Private distribution lists are located in the Contacts folder of a user’s mailbox. Private distribution lists do not have e-mail addresses so their store item identifiers are used in an ExpandDL request. Members of a private distribution list can be any mail-enabled user, contacts or distribution lists from Active Directory, or contacts or private distribution lists from a user’s Contacts folder.

The bold part is key. But where do you get this. When you request a to.getAsync() and receive “Bob’s Favorite People” as a recipient item what do you do with it?

The key is to call the EWS method ResolveNames. When you call this on “Bob’s Favorite People” you will get a return value with PrivateDL and an ItemID (the Exchange Store Item ID in the users Contact folder) that you will then send that ItemId to ExpandDL. Here is what the soap response would look like from ResolveNames:

<?xml version="1.0" encoding="utf-8"?>
<!– Note: EwsEditor has replaced the "utf-16" text in the first line with"utf-8" in order for the XML to render in the response web control. –>
<s:Envelope xmlns:s="http://schemas.xmlsoap.org/soap/envelope/">
<s:Header>
<h:ServerVersionInfo MajorVersion="15" MinorVersion="20" MajorBuildNumber="2305" MinorBuildNumber="24" Version="V2018_01_08" xmlns:h="http://schemas.microsoft.com/exchange/services/2006/types" xmlns:xsd="http://www.w3.org/2001/XMLSchema" xmlns:xsi="http://www.w3.org/2001/XMLSchema-instance" />
</s:Header>
<s:Body>
<m:ResolveNamesResponse xmlns:m="http://schemas.microsoft.com/exchange/services/2006/messages" xmlns:xsd="http://www.w3.org/2001/XMLSchema" xmlns:xsi="http://www.w3.org/2001/XMLSchema-instance" xmlns:t="http://schemas.microsoft.com/exchange/services/2006/types">
<m:ResponseMessages>
<m:ResolveNamesResponseMessage ResponseClass="Success">
<m:ResponseCode>NoError</m:ResponseCode>
<m:ResolutionSet TotalItemsInView="1" IncludesLastItemInRange="true">
<t:Resolution>
<t:Mailbox>
<t:Name>Bob's Favorite People</t:Name>
<t:RoutingType>MAPIPDL</t:RoutingType>
<t:MailboxType>PrivateDL</t:MailboxType>
<t:ItemId Id="AAMkADU2NjQzOWIxLWZkMTktNDU2NC04MGYwLTc4OGUxZTQ3ZTQ4OQBGAAAAAABU0Ha8nllhSqfh0CtR+4+uBwAdo3MIorCqSaC1lyH8qlH1AAAAAAEOAAAdo3MIorCqSaC1lyH8qlH1AAQQFxCnAAA=" ChangeKey="EgAAABYAAAAdo3MIorCqSaC1lyH8qlH1AAQQUFsg" />
</t:Mailbox>
</t:Resolution>
</m:ResolutionSet>
</m:ResolveNamesResponseMessage>
</m:ResponseMessages>
</m:ResolveNamesResponse>
</s:Body>
</s:Envelope>

You can then make your ExpandDL request like this:

<?xml version="1.0" encoding="utf-8"?>
<soap:Envelope xmlns:xsi="http://www.w3.org/2001/XMLSchema-instance" xmlns:m="http://schemas.microsoft.com/exchange/services/2006/messages" xmlns:t="http://schemas.microsoft.com/exchange/services/2006/types" xmlns:soap="http://schemas.xmlsoap.org/soap/envelope/">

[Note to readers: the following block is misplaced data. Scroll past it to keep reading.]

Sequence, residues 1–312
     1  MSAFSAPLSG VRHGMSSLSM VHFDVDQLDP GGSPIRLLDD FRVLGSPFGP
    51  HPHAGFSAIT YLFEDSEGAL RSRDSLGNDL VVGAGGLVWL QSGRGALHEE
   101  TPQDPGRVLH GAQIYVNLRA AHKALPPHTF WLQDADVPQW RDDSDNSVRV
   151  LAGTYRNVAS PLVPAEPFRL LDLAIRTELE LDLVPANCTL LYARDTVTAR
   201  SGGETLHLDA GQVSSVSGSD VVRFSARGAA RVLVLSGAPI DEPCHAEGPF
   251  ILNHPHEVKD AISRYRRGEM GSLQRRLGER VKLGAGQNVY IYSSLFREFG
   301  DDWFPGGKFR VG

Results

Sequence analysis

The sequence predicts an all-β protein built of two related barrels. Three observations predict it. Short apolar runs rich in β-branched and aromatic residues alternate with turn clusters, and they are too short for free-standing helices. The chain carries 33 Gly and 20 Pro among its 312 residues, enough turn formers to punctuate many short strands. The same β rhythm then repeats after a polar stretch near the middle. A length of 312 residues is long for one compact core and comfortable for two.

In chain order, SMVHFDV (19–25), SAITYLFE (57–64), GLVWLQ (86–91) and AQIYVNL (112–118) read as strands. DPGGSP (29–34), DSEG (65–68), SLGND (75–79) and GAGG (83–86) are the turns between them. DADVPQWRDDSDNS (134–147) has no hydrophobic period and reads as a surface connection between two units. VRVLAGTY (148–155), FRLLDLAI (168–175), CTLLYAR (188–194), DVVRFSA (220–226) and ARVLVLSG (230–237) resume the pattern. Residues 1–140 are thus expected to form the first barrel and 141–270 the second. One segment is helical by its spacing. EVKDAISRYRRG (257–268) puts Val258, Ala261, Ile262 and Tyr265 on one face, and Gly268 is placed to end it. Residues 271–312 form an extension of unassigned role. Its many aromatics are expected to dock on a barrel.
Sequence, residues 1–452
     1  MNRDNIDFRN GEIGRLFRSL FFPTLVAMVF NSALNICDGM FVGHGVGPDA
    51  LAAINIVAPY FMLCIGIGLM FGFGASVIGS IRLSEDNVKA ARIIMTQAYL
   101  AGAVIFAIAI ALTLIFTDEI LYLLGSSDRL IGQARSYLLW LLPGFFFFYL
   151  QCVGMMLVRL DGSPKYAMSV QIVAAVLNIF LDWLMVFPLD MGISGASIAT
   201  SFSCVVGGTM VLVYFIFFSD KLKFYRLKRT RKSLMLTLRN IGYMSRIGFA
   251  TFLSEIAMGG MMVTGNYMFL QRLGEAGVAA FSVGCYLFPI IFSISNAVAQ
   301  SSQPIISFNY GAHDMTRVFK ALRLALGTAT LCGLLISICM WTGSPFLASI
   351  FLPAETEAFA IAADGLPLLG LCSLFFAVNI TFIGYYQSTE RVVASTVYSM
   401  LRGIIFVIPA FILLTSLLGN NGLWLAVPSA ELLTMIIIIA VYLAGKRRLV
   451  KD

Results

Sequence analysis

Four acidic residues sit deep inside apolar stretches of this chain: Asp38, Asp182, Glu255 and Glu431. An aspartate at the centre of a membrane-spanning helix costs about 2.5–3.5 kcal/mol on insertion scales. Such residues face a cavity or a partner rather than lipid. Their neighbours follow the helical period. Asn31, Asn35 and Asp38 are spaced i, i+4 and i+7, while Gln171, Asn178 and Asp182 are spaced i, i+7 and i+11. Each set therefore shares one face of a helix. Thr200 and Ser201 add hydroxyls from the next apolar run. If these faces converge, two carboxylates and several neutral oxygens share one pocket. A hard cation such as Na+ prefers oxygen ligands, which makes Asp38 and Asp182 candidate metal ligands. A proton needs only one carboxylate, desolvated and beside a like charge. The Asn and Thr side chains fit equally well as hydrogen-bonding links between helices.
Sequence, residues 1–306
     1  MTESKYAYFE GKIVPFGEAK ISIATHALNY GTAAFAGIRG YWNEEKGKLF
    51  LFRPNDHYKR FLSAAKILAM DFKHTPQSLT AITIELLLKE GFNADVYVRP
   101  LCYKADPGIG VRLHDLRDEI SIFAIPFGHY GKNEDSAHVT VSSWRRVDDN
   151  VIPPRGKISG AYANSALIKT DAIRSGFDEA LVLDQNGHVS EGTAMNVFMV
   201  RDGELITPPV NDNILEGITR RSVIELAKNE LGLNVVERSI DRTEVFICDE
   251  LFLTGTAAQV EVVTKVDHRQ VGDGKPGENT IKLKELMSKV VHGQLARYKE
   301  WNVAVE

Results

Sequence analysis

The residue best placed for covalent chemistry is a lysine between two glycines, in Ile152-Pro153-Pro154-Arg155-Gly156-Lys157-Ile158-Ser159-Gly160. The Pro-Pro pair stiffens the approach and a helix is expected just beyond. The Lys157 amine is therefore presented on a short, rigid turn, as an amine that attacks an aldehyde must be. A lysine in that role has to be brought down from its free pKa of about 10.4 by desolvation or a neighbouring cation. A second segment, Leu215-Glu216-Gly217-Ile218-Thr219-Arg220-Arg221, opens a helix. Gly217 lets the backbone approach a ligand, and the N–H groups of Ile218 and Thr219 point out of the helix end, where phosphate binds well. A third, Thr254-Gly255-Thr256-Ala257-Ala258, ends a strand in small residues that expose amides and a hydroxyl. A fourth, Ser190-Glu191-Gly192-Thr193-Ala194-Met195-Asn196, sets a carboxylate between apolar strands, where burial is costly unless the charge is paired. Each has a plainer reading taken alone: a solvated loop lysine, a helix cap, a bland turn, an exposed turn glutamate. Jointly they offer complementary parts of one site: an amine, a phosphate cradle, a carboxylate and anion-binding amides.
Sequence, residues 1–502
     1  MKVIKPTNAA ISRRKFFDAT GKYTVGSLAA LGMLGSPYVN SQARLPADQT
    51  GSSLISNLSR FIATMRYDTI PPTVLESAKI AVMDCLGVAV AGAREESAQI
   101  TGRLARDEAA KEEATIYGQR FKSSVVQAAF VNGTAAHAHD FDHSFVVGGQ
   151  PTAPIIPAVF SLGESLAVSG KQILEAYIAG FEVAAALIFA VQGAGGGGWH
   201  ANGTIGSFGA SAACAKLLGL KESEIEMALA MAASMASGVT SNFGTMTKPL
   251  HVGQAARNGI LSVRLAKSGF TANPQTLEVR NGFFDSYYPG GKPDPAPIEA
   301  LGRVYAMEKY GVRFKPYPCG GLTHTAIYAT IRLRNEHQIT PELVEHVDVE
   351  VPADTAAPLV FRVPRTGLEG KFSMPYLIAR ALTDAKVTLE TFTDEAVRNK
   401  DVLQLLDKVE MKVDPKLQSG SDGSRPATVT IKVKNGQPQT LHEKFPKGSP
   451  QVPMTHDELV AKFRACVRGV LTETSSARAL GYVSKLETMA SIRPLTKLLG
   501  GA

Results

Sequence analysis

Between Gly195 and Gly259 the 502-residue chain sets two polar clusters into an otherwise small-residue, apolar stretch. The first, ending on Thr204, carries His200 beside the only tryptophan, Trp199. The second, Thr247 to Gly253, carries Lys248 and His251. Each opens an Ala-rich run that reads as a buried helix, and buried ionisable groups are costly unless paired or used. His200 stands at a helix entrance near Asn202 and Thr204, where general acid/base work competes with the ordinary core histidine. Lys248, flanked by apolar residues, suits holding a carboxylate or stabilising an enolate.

<soap:Header>
<t:RequestServerVersion Version="Exchange2016" />
</soap:Header>
<soap:Body>
<m:ExpandDL>
<m:Mailbox>
<t:ItemId Id="AAMkADU2NjQzOWIxLWZkMTktNDU2NC04MGYwLTc4OGUxZTQ3ZTQ4OQBGAAAAAABU0Ha8nllhSqfh0CtR+4+uBwAdo3MIorCqSaC1lyH8qlH1AAAAAAEOAAAdo3MIorCqSaC1lyH8qlH1AAQQFxCnAAA=" />
</m:Mailbox>
</m:ExpandDL>
</soap:Body>
</soap:Envelope>

The result will be a list of all the email addresses, like this:

<?xml version="1.0" encoding="utf-8"?>
<!– Note: EwsEditor has replaced the "utf-16" text in the first line with"utf-8" in order for the XML to render in the response web control. –>
<s:Envelope xmlns:s="http://schemas.xmlsoap.org/soap/envelope/">
<s:Header>
<h:ServerVersionInfo MajorVersion="15" MinorVersion="20" MajorBuildNumber="2305" MinorBuildNumber="24" Version="V2018_01_08" xmlns:h="http://schemas.microsoft.com/exchange/services/2006/types" xmlns:xsd="http://www.w3.org/2001/XMLSchema" xmlns:xsi="http://www.w3.org/2001/XMLSchema-instance" />
</s:Header>
<s:Body>
<m:ExpandDLResponse xmlns:m="http://schemas.microsoft.com/exchange/services/2006/messages" xmlns:xsd="http://www.w3.org/2001/XMLSchema" xmlns:xsi="http://www.w3.org/2001/XMLSchema-instance" xmlns:t="http://schemas.microsoft.com/exchange/services/2006/types">
<m:ResponseMessages>
<m:ExpandDLResponseMessage ResponseClass="Success">
<m:ResponseCode>NoError</m:ResponseCode>
<m:DLExpansion TotalItemsInView="3" IncludesLastItemInRange="true">
<t:Mailbox>
<t:Name>Bill S. Preston Esquire</t:Name>
<t:EmailAddress>bill@WyldStallyns.ooo</t:EmailAddress>
<t:RoutingType>SMTP</t:RoutingType>
<t:MailboxType>Contact</t:MailboxType>
</t:Mailbox>
<t:Mailbox>
<t:Name>Theodore Logan</t:Name>
<t:EmailAddress>ted@WyldStallyns.ooo</t:EmailAddress>
<t:RoutingType>SMTP</t:RoutingType>
<t:MailboxType>Contact</t:MailboxType>
</t:Mailbox>
<t:Mailbox>
<t:Name>Wyld Stallyns Fans</t:Name>
<t:EmailAddress>fans@WyldStallyns.ooo</t:EmailAddress>
<t:RoutingType>SMTP</t:RoutingType>
<t:MailboxType>Contact</t:MailboxType>
</t:Mailbox>
</m:DLExpansion>
</m:ExpandDLResponseMessage>
</m:ResponseMessages>
</m:ExpandDLResponse>
</s:Body>
</s:Envelope>

NOTE: For now the ResolveNames operation is not supported in my library easyEws. I am working to add it in the coming weeks.

Please let me know if you have any suggestions or questions.

NOTE: I am not an Exchange Web Services (EWS) expert, but have some experience with it through the OfficeJS makeEwsRequestAsync() command. To get the answer for this blog entry, I had to go to a real EWS expert to figure this one out. Many thanks to Dan Bagley (EwsEditor) for his assistance.

Downloading the OfficeJS Preview API for Offline Testing

Recently, I had a need to download the preview of the OfficeJS API for testing in an offline environment. The primary (and preferred) way to access the preview beta library is to point to it on the CDN via your HTML, like this:

<head>
<meta charset="UTF-8" />
<meta http-equiv="X-UA-Compatible" content="IE=Edge" />
<title>My OfficeJS Add-in</title>
<script src="https://ajax.aspnetcdn.com/ajax/jQuery/jquery-1.9.1.min.js" type="text/javascript"></script>
<!–<script src="https://appsforoffice.microsoft.com/lib/1/hosted/office.js&quot; type="text/javascript"></script>–>